The pastor’s wife

Peter Trumper Peter was called to gospel ministry and trained at Aberystwyth Theological College in 1959. In 1961 he married Margaret and they relocated to Pembrokeshire, where they remained for 20 years. They were
01 February, 2006 2 min read

Her husband has been trained for his task, spending years anticipating the future and the likely problems he will encounter. In other words, much thought and many prayers will have gone into his preparation.

His wife, on the other hand, is unlikely to be in that position – seldom being trained for the role and having entered her husband’s ministry through marriage and from an unrelated environment.

Of course, there are exceptions, but usually she possesses a number of disadvantages when she steps into the pastoral context for the first time. Not least is the fact that everything will be new, probably even her husband! If he is nervous to begin with, how much more will she be.

Seeking a role

At first, she may feel uneasy in a new and unusual situation, not understanding what her role actually is. Nobody has told her. Is she expected to play only a quiet part, centred in the home, or is she also to feature prominently in church life? Is she just one of the women, or, as the pastor’s wife, their leader? Who exactly is’the wife of the minister’?

If she asks her husband, more than likely he will have no idea! Strangely, his college course did not cover this important topic, nor was his future wife even mentioned – except in terms of a warning not to marry her during training!

In any case, the newness of hissituation, and inexperience in coping with the problems already surfacing, will be as much as he can cope with. In short, from day one she jumps into the deep end.

Needless to say, Satan will harass her, creating unrest, frustration, perhaps even depression. Is she doing the right thing in the right way? She wants so much to be of use to the Lord and an asset to her husband, not letting either down.

She is ‘the pastor’s wife’ (a daunting realisation) and not an ordinary housewife. Everyone is watching – observing her godliness, her example, her efficiency as a wife, her capabilities as a mother, her practical abilities within church life, and her appearance (neither ostentatious nor drab, 1 Peter 3:1-6).

A warning required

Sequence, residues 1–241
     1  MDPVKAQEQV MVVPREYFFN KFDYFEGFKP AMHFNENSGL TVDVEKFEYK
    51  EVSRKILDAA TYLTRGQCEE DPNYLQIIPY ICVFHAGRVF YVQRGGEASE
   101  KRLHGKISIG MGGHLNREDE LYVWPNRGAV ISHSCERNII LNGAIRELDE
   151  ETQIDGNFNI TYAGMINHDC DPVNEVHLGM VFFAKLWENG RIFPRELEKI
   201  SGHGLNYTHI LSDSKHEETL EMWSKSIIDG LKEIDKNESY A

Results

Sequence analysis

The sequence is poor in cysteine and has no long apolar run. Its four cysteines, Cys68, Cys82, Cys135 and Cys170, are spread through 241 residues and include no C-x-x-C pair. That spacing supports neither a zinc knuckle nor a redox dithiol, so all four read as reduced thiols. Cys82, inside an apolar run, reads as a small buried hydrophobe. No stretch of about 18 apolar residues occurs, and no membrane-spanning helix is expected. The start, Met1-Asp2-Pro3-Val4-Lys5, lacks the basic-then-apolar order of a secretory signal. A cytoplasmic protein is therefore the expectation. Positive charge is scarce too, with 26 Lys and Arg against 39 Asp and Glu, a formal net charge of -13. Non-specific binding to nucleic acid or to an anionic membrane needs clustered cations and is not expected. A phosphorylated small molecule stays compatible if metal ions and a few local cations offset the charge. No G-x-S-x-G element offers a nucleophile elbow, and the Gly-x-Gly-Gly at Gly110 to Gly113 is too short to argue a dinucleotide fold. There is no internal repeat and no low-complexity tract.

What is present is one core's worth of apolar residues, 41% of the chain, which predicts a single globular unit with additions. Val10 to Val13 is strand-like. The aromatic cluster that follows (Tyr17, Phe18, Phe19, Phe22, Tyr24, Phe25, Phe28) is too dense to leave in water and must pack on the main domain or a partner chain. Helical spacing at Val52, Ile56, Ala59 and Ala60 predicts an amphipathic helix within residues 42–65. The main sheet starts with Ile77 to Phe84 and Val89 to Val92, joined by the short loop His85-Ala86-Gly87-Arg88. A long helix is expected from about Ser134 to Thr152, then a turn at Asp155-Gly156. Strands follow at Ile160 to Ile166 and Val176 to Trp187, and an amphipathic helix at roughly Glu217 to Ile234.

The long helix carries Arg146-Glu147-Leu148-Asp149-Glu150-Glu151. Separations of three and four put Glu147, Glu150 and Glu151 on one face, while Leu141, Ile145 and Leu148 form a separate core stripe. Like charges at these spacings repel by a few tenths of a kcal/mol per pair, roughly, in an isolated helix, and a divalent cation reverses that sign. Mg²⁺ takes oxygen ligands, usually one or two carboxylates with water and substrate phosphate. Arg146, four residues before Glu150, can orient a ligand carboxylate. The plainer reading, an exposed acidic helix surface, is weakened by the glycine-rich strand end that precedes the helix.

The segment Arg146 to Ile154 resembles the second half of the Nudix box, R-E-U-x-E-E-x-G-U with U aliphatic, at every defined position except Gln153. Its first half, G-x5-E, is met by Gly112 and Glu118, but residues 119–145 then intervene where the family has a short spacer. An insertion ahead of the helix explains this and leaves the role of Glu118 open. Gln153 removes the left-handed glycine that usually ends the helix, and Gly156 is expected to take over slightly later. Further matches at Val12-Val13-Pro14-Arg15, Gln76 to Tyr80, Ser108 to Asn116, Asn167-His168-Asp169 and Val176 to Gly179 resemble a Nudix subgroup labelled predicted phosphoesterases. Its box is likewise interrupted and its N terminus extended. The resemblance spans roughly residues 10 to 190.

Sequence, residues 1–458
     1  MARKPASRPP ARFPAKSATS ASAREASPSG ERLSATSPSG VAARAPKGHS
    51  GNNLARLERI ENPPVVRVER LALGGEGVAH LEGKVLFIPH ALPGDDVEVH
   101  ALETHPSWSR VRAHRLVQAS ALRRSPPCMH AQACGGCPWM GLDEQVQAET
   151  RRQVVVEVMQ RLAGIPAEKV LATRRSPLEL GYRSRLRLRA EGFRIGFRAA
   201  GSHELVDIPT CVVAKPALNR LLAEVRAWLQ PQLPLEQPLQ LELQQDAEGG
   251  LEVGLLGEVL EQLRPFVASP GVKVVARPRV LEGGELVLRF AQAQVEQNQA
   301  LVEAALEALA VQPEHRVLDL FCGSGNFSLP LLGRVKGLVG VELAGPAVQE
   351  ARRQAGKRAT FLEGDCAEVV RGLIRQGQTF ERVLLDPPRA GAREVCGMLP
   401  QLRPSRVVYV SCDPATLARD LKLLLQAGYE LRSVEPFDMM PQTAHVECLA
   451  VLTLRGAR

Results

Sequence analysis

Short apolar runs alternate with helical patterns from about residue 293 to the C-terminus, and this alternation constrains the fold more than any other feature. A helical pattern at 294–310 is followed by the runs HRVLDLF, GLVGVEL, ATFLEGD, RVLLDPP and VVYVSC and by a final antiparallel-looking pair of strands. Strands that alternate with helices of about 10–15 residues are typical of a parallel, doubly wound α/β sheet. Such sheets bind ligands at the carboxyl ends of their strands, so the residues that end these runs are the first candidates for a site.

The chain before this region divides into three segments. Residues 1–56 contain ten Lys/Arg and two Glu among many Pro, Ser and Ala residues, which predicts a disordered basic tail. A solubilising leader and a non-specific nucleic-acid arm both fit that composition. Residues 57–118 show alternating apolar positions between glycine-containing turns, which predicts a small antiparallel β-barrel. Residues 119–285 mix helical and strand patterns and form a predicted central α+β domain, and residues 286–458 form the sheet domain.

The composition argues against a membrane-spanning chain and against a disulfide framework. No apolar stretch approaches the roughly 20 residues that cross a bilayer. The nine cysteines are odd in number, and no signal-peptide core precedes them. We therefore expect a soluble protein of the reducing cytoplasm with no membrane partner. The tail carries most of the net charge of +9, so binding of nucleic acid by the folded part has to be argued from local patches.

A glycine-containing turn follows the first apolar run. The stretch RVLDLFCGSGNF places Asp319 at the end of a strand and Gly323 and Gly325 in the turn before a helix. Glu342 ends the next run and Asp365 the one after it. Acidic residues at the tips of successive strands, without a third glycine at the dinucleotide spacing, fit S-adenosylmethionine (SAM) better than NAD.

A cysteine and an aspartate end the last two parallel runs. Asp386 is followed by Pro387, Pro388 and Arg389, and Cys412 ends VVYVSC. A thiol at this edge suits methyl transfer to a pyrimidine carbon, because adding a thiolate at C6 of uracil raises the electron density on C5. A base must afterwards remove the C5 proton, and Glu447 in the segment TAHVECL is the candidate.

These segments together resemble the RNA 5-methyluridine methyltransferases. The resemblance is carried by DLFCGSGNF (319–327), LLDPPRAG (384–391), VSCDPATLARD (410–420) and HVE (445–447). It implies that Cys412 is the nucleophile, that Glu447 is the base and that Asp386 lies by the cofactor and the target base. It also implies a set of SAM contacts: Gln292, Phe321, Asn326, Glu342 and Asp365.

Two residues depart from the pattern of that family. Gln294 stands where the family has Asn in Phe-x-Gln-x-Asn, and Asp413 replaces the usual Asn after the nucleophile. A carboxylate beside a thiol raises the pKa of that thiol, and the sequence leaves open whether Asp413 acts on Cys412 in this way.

However, one thing she is certainly not- she is most definitely not the assistant pastor, nor superior gentry ‘to the manor born’. A woman who seeks such roles is a stain on the local church and a defect in its life and witness.

If only such women had been warned about this at the beginning – and they are more plentiful than one might realise. It is both embarrassing and wrong for a ‘living minister’ (to borrow Spurgeon’s phrase) to find his wife leading from the front rather than consoling from behind.

She must have noinfluence – even from behind the manse door – upon official church business discussed and determined by church officers.

An honoured position

What, then, isthe role of the wife of the man of God? It is primarilydomestic, despite what feminists say to the contrary! A woman’s God-given gifts are seen to best advantage when ‘she looketh well to the ways of her household’, as the Scripture reminds us. Rooted in domesticity, how active and influential a ‘virtuous woman’ can be (Proverbs 31:10-31)!

Yet, she will find time for other activities (godly women invariably do) – not seeking prominence and position but encouraging, strengthening and comforting others. What better witness to the grace of God, than a quietly humble Christian lady influencing those around her by secret prayer and a Christ-like example – encouraging her husband, working alongside the women of the church, advising the younger ones, visiting the sick and the elderly and instructing the children?

Such a lady is precious to the Lord who called her, to his servant who married her and to the church privileged to have her in its midst.

Peter was called to gospel ministry and trained at Aberystwyth Theological College in 1959. In 1961 he married Margaret and they relocated to Pembrokeshire, where they remained for 20 years. They were
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